Have feminist proponents of the ERA thought through the ways in which a ratified ERA might not suit the feminist agenda? Schlafly wasn’t wrong decades ago when she pointed out that the ERA could be interpreted to require women to register for the draft. What would an ERA mean for preferences and set-asides for women-owned businesses? Or for female-only clubs and colleges? The implementation of such a broadly worded amendment could very well lead to results feminists would not like.
Thus far, the push for an ERA has been couched in the gauzy overtones of history, with references to suffragists and claims that “women belong in the constitution” (even though the word “women” appears nowhere in the proposed amendment).
But some activists are more candid about why they want an ERA now. As Ian Millhiser argued in Vox, “The strongest case for ratifying the ERA . . . is not that it will revolutionize American law now. Rather, it’s that it will insulate many existing protections against gender discrimination from an increasingly conservative Supreme Court in the coming years.” In other words, ERA supporters seem to think that a constitutional amendment whose impact would largely be symbolic is the right way to make an end-run around a rightward-leaning Supreme Court.
This embrace of symbolic gestures and progressive shibboleths about gender and race is precisely what Meghan Daum takes the feminist movement to task for in her sharp new collection of essays, The Problem With Everything. She describes a women’s movement that has been mugged by intersectionality, leaving thoughtful, old-school liberals like herself ideologically marooned and wondering what happened to their movement.
Hers is not exactly had a road to Damascus conversion to conservatism, but Daum’s willingness to challenge her own side’s inconsistencies have marked her as a heretic at a time when progressives are supposed to be falling into line to fight their common enemies.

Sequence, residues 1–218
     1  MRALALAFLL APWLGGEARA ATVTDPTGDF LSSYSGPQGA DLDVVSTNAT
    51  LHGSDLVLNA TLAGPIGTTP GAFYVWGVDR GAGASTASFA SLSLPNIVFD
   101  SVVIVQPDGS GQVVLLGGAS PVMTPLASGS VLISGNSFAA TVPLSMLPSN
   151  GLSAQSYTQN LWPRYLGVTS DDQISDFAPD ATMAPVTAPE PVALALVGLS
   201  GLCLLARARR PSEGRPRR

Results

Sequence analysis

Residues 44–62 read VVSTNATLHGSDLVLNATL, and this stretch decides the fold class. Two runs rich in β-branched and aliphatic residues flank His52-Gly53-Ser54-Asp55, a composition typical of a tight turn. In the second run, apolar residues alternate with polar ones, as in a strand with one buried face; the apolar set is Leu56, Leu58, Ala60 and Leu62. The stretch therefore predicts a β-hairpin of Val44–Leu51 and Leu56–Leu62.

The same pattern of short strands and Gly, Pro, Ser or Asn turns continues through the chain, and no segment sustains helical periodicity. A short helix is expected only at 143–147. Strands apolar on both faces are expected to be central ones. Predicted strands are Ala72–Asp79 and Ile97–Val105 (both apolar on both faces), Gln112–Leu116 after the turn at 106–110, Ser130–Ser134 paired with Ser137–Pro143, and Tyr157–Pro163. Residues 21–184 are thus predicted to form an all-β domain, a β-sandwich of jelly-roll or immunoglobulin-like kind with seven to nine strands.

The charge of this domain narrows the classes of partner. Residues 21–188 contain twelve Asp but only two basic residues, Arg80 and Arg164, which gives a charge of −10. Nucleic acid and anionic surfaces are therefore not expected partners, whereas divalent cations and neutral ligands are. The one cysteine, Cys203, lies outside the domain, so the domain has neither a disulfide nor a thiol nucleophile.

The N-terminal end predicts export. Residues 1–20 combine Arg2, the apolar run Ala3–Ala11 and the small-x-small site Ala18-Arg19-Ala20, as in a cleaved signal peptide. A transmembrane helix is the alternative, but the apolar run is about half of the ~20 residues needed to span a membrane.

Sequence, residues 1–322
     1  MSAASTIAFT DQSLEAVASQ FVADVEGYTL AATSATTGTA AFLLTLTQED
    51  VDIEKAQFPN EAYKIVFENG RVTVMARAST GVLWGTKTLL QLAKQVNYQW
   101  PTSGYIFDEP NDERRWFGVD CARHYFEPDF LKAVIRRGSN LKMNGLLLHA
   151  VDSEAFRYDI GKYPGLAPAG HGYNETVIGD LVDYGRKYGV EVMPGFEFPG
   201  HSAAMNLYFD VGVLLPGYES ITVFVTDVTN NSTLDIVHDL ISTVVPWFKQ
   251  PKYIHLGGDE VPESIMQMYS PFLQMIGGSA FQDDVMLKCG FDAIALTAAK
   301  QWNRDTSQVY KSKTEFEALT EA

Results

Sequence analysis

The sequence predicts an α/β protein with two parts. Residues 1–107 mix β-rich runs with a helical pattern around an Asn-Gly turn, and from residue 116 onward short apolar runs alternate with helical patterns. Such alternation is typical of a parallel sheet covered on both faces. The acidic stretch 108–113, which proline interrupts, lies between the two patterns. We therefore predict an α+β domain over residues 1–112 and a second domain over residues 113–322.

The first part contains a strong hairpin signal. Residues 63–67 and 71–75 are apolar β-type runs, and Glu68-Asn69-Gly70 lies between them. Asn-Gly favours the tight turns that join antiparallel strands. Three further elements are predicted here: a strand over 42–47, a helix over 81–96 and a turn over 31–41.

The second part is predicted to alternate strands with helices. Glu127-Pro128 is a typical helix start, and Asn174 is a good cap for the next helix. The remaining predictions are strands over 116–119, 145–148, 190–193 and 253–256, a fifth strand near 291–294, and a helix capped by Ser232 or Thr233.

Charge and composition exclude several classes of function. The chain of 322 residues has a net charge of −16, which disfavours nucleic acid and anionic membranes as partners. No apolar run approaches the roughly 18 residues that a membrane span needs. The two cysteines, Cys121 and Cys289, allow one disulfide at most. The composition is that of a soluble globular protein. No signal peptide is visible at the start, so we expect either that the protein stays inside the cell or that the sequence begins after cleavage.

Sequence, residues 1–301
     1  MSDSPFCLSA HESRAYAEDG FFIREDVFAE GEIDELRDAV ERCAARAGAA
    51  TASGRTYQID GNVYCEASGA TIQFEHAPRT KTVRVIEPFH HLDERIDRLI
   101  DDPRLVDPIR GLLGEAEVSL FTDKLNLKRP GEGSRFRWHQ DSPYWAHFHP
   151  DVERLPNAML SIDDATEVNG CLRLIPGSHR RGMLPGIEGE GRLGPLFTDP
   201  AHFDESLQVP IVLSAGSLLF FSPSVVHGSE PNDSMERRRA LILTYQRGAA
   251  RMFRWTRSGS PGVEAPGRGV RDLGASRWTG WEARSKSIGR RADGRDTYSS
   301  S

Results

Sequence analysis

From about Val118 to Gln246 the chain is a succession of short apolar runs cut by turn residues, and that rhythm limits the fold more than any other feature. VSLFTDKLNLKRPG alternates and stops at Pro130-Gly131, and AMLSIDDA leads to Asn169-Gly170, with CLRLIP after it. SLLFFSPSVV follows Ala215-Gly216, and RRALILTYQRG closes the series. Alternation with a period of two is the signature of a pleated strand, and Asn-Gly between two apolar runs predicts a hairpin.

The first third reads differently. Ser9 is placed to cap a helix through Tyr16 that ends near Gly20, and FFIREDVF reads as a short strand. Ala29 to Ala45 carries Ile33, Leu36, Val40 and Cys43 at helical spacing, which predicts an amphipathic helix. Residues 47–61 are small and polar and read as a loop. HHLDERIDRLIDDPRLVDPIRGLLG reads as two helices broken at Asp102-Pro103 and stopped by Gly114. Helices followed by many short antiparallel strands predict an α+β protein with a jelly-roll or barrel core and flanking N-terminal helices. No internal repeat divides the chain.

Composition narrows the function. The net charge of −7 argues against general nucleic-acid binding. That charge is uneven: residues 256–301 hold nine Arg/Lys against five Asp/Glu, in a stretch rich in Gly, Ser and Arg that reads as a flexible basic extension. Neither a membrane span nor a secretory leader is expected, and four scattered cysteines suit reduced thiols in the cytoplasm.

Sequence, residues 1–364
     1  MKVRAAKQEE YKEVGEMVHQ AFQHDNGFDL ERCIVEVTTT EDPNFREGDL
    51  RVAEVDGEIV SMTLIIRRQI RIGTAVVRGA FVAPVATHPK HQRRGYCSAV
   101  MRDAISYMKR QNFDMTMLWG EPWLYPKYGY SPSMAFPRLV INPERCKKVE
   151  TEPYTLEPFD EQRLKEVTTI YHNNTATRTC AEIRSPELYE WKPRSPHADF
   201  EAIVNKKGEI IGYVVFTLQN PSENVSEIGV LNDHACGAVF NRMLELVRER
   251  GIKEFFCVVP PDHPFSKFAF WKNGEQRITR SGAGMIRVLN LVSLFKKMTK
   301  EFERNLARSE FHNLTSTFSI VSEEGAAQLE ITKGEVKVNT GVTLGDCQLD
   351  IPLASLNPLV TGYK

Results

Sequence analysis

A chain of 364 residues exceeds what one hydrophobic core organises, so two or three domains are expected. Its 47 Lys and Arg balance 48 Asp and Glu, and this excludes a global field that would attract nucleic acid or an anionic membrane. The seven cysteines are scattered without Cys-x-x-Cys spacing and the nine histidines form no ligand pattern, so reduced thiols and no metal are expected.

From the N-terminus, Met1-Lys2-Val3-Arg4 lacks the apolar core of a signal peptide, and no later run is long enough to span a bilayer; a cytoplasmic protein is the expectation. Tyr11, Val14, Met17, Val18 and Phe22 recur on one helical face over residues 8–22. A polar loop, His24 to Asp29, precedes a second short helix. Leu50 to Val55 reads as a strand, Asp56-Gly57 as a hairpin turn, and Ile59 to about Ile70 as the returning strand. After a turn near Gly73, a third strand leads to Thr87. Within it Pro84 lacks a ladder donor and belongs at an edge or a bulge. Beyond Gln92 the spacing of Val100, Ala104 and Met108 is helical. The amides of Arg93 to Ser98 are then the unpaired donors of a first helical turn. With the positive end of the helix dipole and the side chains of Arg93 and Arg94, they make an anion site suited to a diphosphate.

“I supported social justice causes as much as the next self-respecting liberal,” Daum writes, “yet I was irritated by the smug vibe of many young activists within the new left,” whom she calls “the wokescenti.” Daum decries the “purity policing” and trampling of free speech among younger, fourth-wave feminists, and shows in compelling detail just how pernicious the influence of social media has been for this generation. “It feels like a feminism that has been preselected for mass consumption, distributed by social media algorithms, and, above all, brilliantly engineered to tap into our most narcissistic weaknesses while masquerading as strength.”
“This feminism doesn’t like my feminism,” she notes. But to her, the new feminism “looks like narcissism repackaged as revolution” and is less a movement than “a way of gesturing at being radical without really being radical at all.” She writes, “I’ll just say it. The pussy hats at the Women’s March made me cringe a little.”
And despite eagerly referring to themselves as “badasses” and “nasty women,” the new feminists are surprisingly fragile. They would rather wallow in grievance and victimhood and invoke intersectional ideology to justify their victimization. “I’m troubled by the ways in which contemporary feminism has turned womanhood into another kind of childhood,” Daum writes. As a result, difficult questions “that had once been treated as complicated inquiries were increasingly being reduced to moral absolutes” by the demands of intersectionality. Nuance has vanished, and thoughtful critics like Daum who have tried to restore it more often than not find themselves canceled.
No wonder feminists are demanding a symbolic gesture like a revived Equal Rights Amendment. Cancel culture, hashtag activism, and demands for intersectionality are much easier to perform than doing the difficult work of thoughtful, nuanced, liberal debate.